Oil prices pull back from 2019 highs as weak U.S. data breaks 4-day rally - Oil prices turned lower on Friday as weak data out of the U.S. prompted traders to take profits after a four-day rally. New York-traded West Texas Intermediate crude futures fell 36 cents, or 0.61%, at $58.25 a barrel by 10:35 AM ET (14:35 GMT), pulling off $58.95, its highest level of the year. Meanwhile, Brent crude futures, the benchmark for oil prices outside the U.S., traded down 59 cents, or 0.88%, to $66.64. Manufacturing activity in the New York area fell unexpectedly in March, hitting its lowest level since 2017, while U.S. manufacturing production also registered a surprise decline, falling for a second consecutive month in February. The weaker data adds to other soft reports ranging from retail sales to housing, suggesting that the American economy lost significant momentum early in the first quarter. With signs of a slowdown in the global economy, there are marked concerns that a breakdown in trade negotiations between the U.S. and China could lessen demand from the world’s two largest oil importers. Even with Friday’s disappointing data, oil remained on track for a solid week of gains. A barrel of West Texas is up 3.5% since the week-ago close on signs that OPEC-led production cuts are working to constrain the supply glut. In fact, the International Energy Agency forecast on Friday that demand would increase, leading to a potential supply deficit as soon as the second quarter of this year. In other energy trading, gasoline futures fell 0.90% to $1.8329 a gallon by 10:38 AM ET (14:38 GMT), while heating oil dropped 0.91% to $1.9669 a gallon. Lastly, natural gas futures declined 1.23% to $2.820 per million British thermal unit.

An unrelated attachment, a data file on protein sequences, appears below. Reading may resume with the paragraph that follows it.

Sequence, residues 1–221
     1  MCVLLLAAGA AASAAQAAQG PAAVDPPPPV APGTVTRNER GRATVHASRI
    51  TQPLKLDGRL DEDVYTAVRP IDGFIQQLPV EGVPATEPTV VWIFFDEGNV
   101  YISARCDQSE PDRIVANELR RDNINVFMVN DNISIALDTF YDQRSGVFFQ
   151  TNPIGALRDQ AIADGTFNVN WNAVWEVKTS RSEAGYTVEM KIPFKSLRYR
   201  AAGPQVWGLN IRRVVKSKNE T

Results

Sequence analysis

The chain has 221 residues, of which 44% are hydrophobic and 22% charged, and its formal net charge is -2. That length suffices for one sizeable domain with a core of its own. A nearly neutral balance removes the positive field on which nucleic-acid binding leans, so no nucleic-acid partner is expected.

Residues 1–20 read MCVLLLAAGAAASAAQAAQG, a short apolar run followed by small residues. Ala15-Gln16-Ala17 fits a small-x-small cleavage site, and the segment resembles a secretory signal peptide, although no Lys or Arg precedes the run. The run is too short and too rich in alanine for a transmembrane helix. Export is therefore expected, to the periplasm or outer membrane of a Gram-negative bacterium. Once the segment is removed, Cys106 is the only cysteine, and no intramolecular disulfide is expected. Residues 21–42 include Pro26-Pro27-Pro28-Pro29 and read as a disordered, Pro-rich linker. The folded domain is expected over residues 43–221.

Oil finishes with a loss, but U.S. prices mark sharpest weekly rise in a month - Crude-oil futures finished lower on Friday, with U.S. prices pulling back after four days of consecutive gains that prompted crude to tally its best weekly gain in about a month, amid growing signs of tightening global supplies.April West Texas Intermediate crude  shed 9 cents, or 0.2%, to settle at $58.52 a barrel on the New York Mercantile Exchange, after settling at its highest level since mid-November on Thursday. WTI tallied a weekly gain of about 4.4% based on the most-active contracts, which marked its sharpest weekly rise since the period ended Feb. 15, according to Dow Jones Market Data. May Brent crude meanwhile, lost 7 cents, or 0.1%, to $67.16 a barrel on ICE Futures Europe, with the contract up 2.2% for the week. On Friday, the International Energy Agency said output from the Organization of the Petroleum Exporting Countries had fallen by 240,000 barrels a day last month, to 30.68 million barrels day, its lowest level in four years. The IEA cited losses in Venezuela, and lower output from Saudi Arabia and Iraq. It left its forecast for global oil demand growth in 2019 unchanged at 1.4 million barrels a day.The IEA report came a day after OPEC released its own monthly oil-market report showing a similar decline for February, though the report also highlighted that by OPEC’s member production fell at a significantly reduced rate than the month prior and well-below the group’s pledge to the market.Over the weekend, the OPEC, non-OPEC Joint Ministerial Monitoring Committee will gather in Baku, Azerbaijan, with an official meeting scheduled for Monday to review compliance with production cuts.Some market participants worry that the cartel might act to further push prices higher.